At this time of year, when the days are short and the weather is almost uniformly grey, like many people I can succumb all too easily to a touch of the black dog. Not full-on depression, because I’ve been there and I know what that’s like. More a slight listlessness. A difficulty in finding my usual motivation. A certain lack of, for want of a better word, va-va-voom.
When this particular black dog rears its head, I’ve learned the hard way that I need to act quickly to stop it taking over.
My usual approach is exercise. My regular morning routine includes a half hour or so of calisthenics, weights or yoga. I walk the dogs for an hour or so twice a day. And I invariably go for a run with Ozzy for an hour or so, too. The buzz that I get is more than enough to put the black dog firmly back in its crate.
Except, like this week, when I’m not feeling very well. Specifically, I have a cold. Nothing too serious, but enough to convince me that an early morning tussle with my kettlebells or a three-mile slide through the mud and rain probably isn’t going to do me any good. (Again, I’ve learned this the hard way.) So it’s big jumpers and gentle dog walks for a few days,
Which is fine, but I now don’t have those endophins to maintain my black-dog-fighting defences.
As I work for myself and I work from home, I don’t have the structure of an office job or the threat of a boss breathing down my neck to keep me on the straight and narrow, either. But what I do have, thankfully, is Molly and Ozzy to make sure that I get up in a timely manner, so that I can take them on their morning walk.
I also have one of those fake daylight light-boxes, which I switch on for a few minutes at a time over the course of the day. It seems to give me a bit of a boost and certainly does take the edge off the grey sky outside the window.
The most effective weapon in my arsenal, though, is the ability to stay focused. If I stay focused on what I want to do, I know that I’ll crack on with it until it’s done. But if I lose focus, I can so easily get distracted and fritter away minutes or hours at a time. And as someone who is usually hyper-focused and highly motivated, the thought of wasting any time at all pains me greatly.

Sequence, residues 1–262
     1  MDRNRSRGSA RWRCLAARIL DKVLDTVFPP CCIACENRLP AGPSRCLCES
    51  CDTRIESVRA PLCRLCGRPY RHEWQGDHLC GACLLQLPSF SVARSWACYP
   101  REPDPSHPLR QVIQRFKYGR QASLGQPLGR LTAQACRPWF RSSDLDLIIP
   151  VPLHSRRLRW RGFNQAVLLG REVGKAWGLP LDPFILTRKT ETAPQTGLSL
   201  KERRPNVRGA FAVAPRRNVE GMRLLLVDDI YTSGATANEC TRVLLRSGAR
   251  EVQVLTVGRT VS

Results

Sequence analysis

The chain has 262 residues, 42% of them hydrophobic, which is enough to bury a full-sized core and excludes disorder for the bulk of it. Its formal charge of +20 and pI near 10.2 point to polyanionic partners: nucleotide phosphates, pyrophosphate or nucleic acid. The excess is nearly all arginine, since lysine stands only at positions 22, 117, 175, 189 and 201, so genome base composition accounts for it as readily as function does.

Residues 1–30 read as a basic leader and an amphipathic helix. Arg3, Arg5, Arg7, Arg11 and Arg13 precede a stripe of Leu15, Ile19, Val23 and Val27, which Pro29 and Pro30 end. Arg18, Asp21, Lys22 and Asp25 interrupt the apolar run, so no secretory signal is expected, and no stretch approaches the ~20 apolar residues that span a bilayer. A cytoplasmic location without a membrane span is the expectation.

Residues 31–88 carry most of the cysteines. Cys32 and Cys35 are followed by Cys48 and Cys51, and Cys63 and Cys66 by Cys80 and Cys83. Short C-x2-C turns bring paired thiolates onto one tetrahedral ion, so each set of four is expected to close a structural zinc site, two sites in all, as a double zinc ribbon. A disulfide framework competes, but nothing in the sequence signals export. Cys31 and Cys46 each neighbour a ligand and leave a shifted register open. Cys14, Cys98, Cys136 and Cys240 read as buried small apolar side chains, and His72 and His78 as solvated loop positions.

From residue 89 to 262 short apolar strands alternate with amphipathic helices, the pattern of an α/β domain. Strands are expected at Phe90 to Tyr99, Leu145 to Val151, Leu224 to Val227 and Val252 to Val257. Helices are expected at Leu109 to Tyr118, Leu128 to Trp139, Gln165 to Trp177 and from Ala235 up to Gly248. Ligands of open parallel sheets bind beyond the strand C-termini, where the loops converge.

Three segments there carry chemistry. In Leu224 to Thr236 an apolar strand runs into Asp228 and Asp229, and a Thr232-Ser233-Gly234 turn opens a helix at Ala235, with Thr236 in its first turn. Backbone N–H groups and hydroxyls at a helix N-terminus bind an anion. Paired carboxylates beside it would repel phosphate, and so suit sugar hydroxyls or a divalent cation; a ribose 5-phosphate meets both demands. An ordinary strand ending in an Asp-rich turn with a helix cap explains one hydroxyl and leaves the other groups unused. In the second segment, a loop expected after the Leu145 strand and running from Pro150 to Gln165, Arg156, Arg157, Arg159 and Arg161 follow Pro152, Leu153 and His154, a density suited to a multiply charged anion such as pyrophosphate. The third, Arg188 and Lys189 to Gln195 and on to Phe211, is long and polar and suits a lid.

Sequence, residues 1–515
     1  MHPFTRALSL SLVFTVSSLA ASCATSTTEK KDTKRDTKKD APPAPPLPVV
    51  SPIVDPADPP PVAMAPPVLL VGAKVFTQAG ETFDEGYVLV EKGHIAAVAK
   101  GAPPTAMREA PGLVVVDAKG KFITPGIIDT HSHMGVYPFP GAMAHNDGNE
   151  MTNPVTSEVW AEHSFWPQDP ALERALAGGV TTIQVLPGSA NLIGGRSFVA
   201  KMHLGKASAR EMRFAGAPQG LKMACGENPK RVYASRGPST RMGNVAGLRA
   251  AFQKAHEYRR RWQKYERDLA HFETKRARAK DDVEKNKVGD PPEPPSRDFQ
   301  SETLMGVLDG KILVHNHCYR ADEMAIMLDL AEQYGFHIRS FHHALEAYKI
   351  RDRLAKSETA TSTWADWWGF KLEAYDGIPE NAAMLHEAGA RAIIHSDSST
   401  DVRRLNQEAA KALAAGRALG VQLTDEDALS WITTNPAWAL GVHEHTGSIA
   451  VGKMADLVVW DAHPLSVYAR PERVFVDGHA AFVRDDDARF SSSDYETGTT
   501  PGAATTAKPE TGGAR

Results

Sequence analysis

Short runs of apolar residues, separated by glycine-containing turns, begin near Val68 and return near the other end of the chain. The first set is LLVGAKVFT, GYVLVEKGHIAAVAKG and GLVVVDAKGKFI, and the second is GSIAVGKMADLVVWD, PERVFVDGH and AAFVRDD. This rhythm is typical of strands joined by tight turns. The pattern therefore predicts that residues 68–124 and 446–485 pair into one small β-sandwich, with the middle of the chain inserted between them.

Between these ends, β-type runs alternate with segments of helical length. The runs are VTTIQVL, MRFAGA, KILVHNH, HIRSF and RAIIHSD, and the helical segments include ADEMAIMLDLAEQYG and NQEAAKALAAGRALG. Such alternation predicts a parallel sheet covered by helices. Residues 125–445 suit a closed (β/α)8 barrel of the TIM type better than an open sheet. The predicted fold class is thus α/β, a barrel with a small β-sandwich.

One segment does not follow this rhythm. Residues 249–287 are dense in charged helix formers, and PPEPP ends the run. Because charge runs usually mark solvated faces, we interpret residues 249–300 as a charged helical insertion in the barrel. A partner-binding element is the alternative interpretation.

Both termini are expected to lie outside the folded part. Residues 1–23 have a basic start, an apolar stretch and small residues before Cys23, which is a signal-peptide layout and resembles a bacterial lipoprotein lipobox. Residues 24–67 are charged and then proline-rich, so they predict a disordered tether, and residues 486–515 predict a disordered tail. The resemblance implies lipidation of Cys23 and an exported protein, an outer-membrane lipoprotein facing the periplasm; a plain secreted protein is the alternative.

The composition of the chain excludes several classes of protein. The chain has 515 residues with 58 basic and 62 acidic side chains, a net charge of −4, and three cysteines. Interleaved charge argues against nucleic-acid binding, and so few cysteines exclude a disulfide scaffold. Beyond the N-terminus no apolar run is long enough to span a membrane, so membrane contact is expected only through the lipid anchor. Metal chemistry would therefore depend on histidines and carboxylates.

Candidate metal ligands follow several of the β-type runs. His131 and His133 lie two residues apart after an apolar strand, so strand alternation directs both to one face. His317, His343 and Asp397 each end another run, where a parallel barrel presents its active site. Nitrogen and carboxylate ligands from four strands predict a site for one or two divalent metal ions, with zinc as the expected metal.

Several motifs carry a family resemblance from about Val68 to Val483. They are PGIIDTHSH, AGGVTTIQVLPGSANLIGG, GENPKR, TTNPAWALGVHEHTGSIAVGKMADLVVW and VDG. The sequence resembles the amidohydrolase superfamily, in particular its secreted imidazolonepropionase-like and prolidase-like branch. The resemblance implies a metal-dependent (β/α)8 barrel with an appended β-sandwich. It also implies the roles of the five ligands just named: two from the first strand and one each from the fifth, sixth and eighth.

To keep me focused and to stop my mind wandering off unsupervised, I’ve spent a few minutes every morning this week planning what I’m going to do over the course of the day. I’ve made myself a list (I use the Todoist app, which works well for me). And I’ve decided how much time I’m going to aloocate to each task or activity.
Oh, and I’ve decided how I’m going to ‘reward’ myself when I’ve finished each task. Like getting a cup of tea, doing some training with Molly and Ozzy, or writing a blog post.
Essentially, I’ve been micro-managing myself. Which is something that I usually do without thinking. But when the black dog’s on the prowl, I need to do it more explicitly. I need to give myself the structure to keep the black dog shut out and to keep my mind focused on the task(s) at hand.
This approach won’t work for everyone, of course. But it works for me. And until my cold’s better and I can get back to my usual routine of running around in the mud like an idiot, it’s how I’ll ward off listlessness. It’s how I’ll keep up my motivation. It’s how I’ll find my va-va-voom.
Update: Writing this yesterday clearly had a cathartic effect, because I woke up this morning with my cold gone, my head clear and my va-va-voom right back where it’s supposed to be. I’ll hang fire on the running until next week, just to be sure, but it’s nice to be feeling ‘normal’ again. 🙂